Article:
Which sort of illustrates my point: while it is nice to have a workforce of cheap coders on projects, you DO need more to see the bigger picture. This goes from mana

    • by Thanshin (1188877)

      "When are people going to realize "coding" != "computer science"? (or , or ! .equals(), or ne, etc. depending on your flavor). "

      I use "is different to".

      Otherwise, I'd add "{" somewhere after "When".

      And I'd also replace "people" with "pp1". But that's just because I'm a hateful little subhuman monster that enjoys messing with the next person who falls in that code. No... Wait... That's what the previous guy did.

    • by pinkstuff (758732)

      There are millions speaking English, Spanish, etc., but not that many of them churn out bestsellers, or even mundane but usable prose

      Yes, but without knowing how to write, those chances are 0...

      Programming is a subset of computer science, and a useful starting point for getting people interested in the field

    • But to write a bestseller, knowing at least one language is a prerequisite.

      You may be the world bet pantomime - that won't help you starting your novel if you don't have access to language.

      And as with novels, the originale language is pretty secondary (there are translators for that. Some stuff may work better in one language than the other, but usually you can get by with any language). It's more the "programming mindset" (what some other poster described as "logic").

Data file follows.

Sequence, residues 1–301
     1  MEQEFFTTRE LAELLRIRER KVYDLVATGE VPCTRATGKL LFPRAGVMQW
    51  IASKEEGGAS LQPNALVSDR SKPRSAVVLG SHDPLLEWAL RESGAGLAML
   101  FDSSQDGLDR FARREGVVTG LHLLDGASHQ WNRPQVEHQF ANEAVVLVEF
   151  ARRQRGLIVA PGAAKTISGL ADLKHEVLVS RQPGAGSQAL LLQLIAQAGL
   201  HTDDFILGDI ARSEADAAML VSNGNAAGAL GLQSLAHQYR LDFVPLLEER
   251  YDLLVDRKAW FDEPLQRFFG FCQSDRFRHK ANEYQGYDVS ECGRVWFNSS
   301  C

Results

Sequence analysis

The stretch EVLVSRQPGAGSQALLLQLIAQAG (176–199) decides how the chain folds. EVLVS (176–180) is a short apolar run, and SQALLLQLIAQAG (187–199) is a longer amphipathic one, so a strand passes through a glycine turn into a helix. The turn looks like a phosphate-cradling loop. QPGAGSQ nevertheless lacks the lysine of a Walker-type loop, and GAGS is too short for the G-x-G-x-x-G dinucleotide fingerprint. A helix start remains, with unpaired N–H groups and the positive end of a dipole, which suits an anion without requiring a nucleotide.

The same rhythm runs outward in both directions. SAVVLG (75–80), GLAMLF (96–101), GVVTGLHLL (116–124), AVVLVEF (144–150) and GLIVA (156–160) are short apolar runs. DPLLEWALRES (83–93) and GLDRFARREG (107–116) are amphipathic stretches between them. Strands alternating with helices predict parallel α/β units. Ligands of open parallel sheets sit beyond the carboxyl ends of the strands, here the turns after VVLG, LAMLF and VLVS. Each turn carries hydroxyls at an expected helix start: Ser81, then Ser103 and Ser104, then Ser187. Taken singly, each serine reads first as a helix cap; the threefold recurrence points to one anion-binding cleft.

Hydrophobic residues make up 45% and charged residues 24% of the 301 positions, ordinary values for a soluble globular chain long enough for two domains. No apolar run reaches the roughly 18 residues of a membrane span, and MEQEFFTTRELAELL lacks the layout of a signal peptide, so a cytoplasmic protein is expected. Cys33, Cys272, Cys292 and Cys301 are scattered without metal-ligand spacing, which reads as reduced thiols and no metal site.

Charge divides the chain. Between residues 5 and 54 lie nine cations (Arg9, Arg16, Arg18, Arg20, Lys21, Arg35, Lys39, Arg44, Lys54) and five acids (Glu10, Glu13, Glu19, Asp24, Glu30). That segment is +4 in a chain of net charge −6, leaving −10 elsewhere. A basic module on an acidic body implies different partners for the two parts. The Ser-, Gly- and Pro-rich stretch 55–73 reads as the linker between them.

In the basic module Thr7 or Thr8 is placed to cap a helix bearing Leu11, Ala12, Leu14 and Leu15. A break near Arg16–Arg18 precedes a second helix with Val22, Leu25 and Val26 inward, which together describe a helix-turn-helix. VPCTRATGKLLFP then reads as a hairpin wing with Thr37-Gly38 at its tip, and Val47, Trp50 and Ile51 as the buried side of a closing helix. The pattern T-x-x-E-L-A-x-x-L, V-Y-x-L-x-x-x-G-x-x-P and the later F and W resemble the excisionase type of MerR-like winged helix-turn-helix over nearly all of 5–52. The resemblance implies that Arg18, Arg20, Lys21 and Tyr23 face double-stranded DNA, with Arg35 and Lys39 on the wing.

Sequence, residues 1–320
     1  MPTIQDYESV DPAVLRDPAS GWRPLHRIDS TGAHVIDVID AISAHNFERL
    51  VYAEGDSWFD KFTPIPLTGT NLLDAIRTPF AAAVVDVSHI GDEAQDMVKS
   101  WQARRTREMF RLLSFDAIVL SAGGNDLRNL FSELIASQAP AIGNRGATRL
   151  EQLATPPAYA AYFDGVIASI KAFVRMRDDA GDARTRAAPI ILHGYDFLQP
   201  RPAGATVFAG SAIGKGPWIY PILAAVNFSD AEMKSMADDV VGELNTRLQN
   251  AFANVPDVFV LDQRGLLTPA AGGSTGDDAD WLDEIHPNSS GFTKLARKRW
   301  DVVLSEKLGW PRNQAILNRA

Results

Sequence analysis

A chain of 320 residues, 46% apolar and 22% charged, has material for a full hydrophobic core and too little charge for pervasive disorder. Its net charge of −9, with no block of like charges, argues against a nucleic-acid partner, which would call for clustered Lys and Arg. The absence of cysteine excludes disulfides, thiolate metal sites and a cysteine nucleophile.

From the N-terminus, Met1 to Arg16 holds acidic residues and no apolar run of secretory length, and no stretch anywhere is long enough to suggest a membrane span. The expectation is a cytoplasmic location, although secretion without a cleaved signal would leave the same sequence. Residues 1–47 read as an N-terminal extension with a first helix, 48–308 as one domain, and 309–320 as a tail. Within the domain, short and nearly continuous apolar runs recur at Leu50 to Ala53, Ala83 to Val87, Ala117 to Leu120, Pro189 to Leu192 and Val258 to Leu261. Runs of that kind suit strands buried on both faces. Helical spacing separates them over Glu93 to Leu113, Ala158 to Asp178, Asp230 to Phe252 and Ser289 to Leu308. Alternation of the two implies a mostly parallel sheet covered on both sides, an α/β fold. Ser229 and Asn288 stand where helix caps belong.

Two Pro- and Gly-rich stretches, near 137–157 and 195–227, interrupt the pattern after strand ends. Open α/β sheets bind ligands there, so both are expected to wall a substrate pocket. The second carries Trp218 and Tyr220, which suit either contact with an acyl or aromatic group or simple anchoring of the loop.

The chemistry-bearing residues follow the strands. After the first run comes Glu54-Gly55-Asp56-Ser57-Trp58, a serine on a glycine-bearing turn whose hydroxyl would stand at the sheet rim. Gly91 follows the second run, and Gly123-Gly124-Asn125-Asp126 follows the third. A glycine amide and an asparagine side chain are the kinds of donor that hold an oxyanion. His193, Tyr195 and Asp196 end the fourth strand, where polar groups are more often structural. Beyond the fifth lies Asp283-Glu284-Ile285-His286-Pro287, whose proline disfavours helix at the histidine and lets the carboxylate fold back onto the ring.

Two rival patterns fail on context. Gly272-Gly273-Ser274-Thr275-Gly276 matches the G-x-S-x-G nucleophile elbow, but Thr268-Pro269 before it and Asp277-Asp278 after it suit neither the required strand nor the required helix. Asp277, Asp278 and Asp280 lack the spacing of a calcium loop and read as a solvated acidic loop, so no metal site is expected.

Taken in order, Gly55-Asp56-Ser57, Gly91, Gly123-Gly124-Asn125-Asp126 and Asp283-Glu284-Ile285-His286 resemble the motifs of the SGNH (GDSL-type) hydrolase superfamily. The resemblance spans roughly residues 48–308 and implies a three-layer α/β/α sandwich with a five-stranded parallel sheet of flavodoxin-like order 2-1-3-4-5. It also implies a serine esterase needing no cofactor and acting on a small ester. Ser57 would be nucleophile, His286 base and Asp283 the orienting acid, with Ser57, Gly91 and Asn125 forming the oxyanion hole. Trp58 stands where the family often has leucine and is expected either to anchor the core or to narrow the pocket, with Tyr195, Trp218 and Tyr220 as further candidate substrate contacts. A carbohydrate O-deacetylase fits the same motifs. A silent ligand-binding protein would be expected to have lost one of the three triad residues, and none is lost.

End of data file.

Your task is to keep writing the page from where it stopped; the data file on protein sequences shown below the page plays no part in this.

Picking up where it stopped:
Breaking down a big task in smaller sub

      • But to write a bestseller, knowing at least one language is a prerequisite.

        I do agree that an in-depth knowledge of a language(s) is not negotiable for writing good software. That was not the main point though.

        I had to take a whole semester back at uni in "Introduction to OOP". That lecture was held by the CS department and i spent 4 months each tuesday at 7am in a lecture hall where someone waved around pictures of cars and planes and the respective stencils of cars and planes - their idea of explaining the concept without using a specific programming language.

        Needless to say, i didn't get it.